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Medicine, his life's mission

Selfless service is the credo of Col. R. D. Ayyar. At ninety-five, the former British Army surgeon continues to practise medicine, touching the lives of people around him. A profile.

BE IT the dawn of an independent India, the worst epidemics, natural calamities, or significant world happenings, this 95-year-old surgeon has seen them all. A brief stint in the British Army, transformed Col. R. D. Ayyar into a man of steel, giving him the confidence to rise to challenges single-handed. A staunch Gandhian, his voice never falters even for a minute when he talks about his career and the state of medicare facilities in the country.

"Even after 55 years of Independence, our country lacks basic health care infrastructure. Almost 90 per cent of pregnant women do not have access to medical facilities. What have we achieved in terms of health care and medical education? And what has been done to revive this sinking arm of society," he asks.

Ayyar graduated as a demonstrator in anatomy in June 1930, and went on to become a Fellow of the Royal College of Surgeons, U. K. In 1935, he joined the Indian Medical Services (IMS) of the British Army as a surgeon.

He was one among 32 specialists in the IMS and the first Indian to serve as advisor to the council. From then, there has been no looking back for Ayyar.

"We were taught that the patient is our only commitment. But, today, values have changed drastically and huge sums have to be paid to get a medical seat. Merit has absolutely no place. So how can one expect quality medical care? Worse, it is seldom that one comes across a doctor who is altruistic," says Ayyar who never collects a fee from patients who cannot afford it.

Chosen by none other than Pandit Jawaharlal Nehru for the award of a Padma Bhushan in 1962, Ayyar wears his laurels modestly. A man of simple and kindly ways, he is fondly referred to as `barefoot doctor' by patients. He retired as Director General of Health Services in 1969 and was retained as honorary consulting surgeon for the Government of India for almost 10 years thereafter.

Dr. Rajendra Prasad, Dr. S. Radhakrishnan, Pandit Jawaharlal Nehru, Indira Gandhi, and M. S. Subbulakshmi are among the eminent personalities for whom he was consulting surgeon. "Those days, there were not many surgeons so we had a lot of opportunities," says a nostalgic Ayyar.

Honorary professorship at the All India Institute of Medical Sciences, professorship at the Indore Medical College, vice-chairmanship of the Indian Red Cross Society and a stint as surgeon at the Safdarjung Hospital, New Delhi are some of the prestigious positions he has held. "My father was a doctor, so it was quite natural for me to follow in his footsteps and I have never regretted this decision. My son too has taken after me and is a neurologist in the U.S.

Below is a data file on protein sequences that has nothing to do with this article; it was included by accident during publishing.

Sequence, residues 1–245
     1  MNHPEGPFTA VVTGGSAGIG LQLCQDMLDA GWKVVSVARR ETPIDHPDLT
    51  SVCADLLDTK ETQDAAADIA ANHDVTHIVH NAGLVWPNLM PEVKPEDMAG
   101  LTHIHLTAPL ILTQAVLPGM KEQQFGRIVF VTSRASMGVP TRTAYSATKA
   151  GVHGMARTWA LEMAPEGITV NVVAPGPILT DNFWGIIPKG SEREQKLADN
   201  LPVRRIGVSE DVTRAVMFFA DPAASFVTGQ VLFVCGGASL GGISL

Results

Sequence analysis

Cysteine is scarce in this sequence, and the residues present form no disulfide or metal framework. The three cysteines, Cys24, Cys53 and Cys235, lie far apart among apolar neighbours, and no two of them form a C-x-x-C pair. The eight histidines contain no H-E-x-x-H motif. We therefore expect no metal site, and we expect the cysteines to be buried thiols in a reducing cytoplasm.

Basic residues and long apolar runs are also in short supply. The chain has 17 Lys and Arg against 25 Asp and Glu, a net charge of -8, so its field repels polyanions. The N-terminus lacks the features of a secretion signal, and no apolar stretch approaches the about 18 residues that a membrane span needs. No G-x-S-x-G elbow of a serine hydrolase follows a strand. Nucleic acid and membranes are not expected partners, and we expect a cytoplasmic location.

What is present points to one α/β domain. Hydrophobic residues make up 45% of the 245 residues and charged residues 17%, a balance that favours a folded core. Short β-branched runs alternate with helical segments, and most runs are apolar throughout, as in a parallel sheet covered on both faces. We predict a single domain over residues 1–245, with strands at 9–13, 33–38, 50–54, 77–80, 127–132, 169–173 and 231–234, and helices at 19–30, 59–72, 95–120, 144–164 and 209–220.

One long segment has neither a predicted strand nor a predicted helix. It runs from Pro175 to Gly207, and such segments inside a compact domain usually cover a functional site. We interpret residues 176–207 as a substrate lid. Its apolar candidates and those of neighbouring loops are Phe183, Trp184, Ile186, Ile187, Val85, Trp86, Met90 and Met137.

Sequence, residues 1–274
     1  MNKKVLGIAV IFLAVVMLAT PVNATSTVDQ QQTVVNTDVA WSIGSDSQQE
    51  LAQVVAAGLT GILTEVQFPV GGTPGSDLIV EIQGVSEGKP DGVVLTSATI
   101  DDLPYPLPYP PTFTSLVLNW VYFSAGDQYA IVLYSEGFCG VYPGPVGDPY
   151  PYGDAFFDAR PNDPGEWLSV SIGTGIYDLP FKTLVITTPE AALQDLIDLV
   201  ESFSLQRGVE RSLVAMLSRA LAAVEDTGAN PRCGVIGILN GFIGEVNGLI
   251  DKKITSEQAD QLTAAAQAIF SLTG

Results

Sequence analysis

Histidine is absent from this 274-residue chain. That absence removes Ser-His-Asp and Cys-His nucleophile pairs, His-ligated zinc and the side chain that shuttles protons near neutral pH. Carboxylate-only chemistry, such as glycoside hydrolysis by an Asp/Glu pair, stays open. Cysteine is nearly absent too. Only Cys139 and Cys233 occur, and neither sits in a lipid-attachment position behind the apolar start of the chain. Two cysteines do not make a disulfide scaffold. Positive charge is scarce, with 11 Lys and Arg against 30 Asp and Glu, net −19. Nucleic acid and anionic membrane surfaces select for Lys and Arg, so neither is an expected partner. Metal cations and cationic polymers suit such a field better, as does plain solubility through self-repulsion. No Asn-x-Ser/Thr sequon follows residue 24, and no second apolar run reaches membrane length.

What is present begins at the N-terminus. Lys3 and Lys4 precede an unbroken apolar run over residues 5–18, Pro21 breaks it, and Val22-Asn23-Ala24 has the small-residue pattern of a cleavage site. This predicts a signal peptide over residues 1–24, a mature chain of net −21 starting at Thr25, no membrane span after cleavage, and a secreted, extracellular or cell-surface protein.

"The primary health centres and the dispensaries run by the Central Government Health Services in the country seldom meet even minimum standards. Moreover, these days, there are few doctors who are willing to work in the rural areas. And as the hospitals lack facilities, the patients are forced to travel to the big cities and shell out huge sums of money for treatment, though they can scarcely afford it. A hospital should have at least 300 beds with all specialities under one roof. Unfortunately, this is not the case in our country. Further, the most important issue that needs to be addressed is the population explosion. Except for Kerala, little seems to have been elsewhere in the country to keep the population under check," says the concerned doctor, who moved back to his home in Adyar after retirement in the mid-1980s.

A voracious reader, he feels that the media can bring to light the ills of the health care delivery system in the country. "Instead of complaining about the existing situation, it is wise if each one of us starts thinking what best can be done for society. The private sector can do wonders by taking the initiative to provide quality medicare that is affordable," he said.

PRASSANA SRINIVASAN

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